However, despite these diversions, nothing can compensate for the growing economic problems, health difficulties and increasingly precarious living conditions of a growing number of people.

As for the forgotten who live in alarming living conditions, they no longer count, they are on the margins, they are redundant for society; they are in the same boat as those who live in areas where there is war, famine or any other serious situation: for them there is no escape, there is no palliative, only survival counts.

In a lecture[3] in 1975, Silo described how escape from consciousness is impossible because the intentional act-object structure is present in consciousness, come what may, unless it destroys itself.

I summarise here, in lapidary fashion, some points of his analysis: “In the state of escaped consciousness, there can be no self-consciousness, escape is attempted through the increasing stimulation of the senses. As escape from reality is the real concern, everything becomes imaginary and happens in the head and nothing will actually be done to change the oppressive situation, because the priority is to escape from it. In the state of escaped consciousness, everything becomes illusory and is translated into ritualistic acts to make sense of what is being done. As consciousness and the body cannot be separated, the latter can somatise. Disconnection from oneself and from the world cuts off all possibility of communication and there is no more intersubjectivity, no more self-criticism. The only possible way out becomes almost magical; in politics, for example, any charismatic candidate will be the saviour who will make it no longer necessary to flee, who will fulfil everyone’s wishes…” A cruel illusion!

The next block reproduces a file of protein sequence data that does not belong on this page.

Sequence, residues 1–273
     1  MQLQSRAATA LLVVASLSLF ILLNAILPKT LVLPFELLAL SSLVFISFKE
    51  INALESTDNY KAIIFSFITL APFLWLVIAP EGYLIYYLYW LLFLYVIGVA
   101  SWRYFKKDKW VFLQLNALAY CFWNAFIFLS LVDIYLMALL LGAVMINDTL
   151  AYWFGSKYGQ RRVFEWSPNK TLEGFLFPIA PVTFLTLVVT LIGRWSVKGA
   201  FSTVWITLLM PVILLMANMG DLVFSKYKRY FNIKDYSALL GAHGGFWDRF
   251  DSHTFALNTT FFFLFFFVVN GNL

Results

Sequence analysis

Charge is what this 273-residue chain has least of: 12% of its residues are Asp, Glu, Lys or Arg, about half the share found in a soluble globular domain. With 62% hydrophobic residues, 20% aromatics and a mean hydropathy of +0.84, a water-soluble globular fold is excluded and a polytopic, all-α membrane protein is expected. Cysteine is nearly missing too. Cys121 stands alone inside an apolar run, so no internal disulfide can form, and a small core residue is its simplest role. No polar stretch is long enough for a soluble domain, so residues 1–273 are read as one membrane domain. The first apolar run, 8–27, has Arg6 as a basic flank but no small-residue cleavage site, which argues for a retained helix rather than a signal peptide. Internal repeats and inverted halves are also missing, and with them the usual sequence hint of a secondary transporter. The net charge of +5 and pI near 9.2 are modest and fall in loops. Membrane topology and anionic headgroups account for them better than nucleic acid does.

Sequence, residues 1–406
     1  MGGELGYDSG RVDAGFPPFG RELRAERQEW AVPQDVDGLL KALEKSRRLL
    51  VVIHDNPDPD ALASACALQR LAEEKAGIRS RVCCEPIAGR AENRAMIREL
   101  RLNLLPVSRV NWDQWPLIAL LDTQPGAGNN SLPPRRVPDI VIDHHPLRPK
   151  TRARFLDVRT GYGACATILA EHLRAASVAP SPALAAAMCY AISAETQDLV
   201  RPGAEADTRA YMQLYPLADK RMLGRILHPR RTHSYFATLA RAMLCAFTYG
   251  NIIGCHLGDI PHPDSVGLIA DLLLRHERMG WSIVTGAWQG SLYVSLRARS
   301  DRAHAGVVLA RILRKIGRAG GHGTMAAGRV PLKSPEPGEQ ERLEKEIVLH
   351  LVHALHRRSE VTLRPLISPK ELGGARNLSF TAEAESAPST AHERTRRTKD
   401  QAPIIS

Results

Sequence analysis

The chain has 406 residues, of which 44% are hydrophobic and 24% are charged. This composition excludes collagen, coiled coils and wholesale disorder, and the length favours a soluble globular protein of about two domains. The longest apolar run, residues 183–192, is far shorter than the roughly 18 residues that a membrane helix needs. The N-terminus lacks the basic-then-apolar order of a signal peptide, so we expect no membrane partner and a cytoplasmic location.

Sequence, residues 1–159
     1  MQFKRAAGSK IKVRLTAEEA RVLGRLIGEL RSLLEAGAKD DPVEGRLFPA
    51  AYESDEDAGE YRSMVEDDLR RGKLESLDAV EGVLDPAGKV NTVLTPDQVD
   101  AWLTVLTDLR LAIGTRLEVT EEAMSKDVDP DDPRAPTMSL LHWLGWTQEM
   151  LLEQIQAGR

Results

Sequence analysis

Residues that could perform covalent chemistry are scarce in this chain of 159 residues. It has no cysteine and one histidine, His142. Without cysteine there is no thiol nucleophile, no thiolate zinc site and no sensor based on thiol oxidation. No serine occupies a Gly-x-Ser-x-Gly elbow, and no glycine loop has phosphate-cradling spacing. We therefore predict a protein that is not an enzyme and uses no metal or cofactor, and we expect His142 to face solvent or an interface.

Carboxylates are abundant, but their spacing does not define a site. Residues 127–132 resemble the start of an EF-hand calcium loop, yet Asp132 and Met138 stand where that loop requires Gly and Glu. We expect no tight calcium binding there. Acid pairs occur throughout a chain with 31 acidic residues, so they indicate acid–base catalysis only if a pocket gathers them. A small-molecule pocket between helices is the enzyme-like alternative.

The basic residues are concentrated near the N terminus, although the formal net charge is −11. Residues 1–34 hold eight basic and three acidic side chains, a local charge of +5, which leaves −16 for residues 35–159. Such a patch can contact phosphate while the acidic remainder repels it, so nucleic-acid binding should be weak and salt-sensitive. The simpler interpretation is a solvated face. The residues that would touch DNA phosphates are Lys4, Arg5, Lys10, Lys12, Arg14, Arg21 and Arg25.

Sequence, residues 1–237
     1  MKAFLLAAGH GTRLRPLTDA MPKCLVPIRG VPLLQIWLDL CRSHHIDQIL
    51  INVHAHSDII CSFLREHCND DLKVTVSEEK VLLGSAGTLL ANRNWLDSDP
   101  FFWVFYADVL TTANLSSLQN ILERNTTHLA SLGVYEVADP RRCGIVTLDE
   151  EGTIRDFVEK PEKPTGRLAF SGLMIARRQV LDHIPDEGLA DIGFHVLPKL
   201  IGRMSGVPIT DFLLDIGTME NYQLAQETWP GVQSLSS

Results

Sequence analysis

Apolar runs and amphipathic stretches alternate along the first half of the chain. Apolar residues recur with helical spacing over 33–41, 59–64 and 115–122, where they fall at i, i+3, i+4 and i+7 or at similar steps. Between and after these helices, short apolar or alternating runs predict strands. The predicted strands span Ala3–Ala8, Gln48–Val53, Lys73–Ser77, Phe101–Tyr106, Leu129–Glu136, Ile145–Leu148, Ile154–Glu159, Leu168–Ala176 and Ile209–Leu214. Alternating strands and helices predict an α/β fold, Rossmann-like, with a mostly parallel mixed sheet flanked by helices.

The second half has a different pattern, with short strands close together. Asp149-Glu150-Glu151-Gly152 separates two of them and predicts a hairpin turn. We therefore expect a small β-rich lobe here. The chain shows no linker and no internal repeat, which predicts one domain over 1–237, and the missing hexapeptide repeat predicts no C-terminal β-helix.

The only way out of the fugue state of consciousness is to return to oneself. By refocusing and reconnecting with oneself, one returns to the essential. While one was outside oneself, it is a matter of going back inside oneself, realising oneself, recognising oneself.

Just as one flees from poverty, illness and loneliness, just as one flees from these sources of suffering, the flight from life and the flight from death are inherent in today’s world, whose values are underpinned by individualism, nihilism and immediacy, leading inevitably to existential meaninglessness.

Until I realise that I am living and until I realise that I am going to die, I am condemned to live in violence. The two realisations are closely linked; one cannot exist without the other. I cannot live serenely if I forget my death and I cannot live fully if I do not realise that I exist.

Not being aware of myself, existing, forgetting myself in a certain way, leads to a life of an automaton, mechanical, instinctive, impulsive, hypnotised by the outside, illusory, dominated by the body…, a state that leads directly to violence.

Not realising or forgetting that I am going to die leads to meaninglessness, to absurdity, to nihilism, to the secondary…, a state that leads directly to violence.

Why do we run away from death, is it because we are afraid of being afraid, is it because of a lack of questioning and reflection, is it because of the anguished doubt about the after death or the after life? Paradoxically, the more I accept to consider my death, the more I allow myself to look it in the face, the closer I get to it, the more I tame it, one might say, the less anguish it causes me, the less it terrifies me and the more it becomes part of my inner landscape.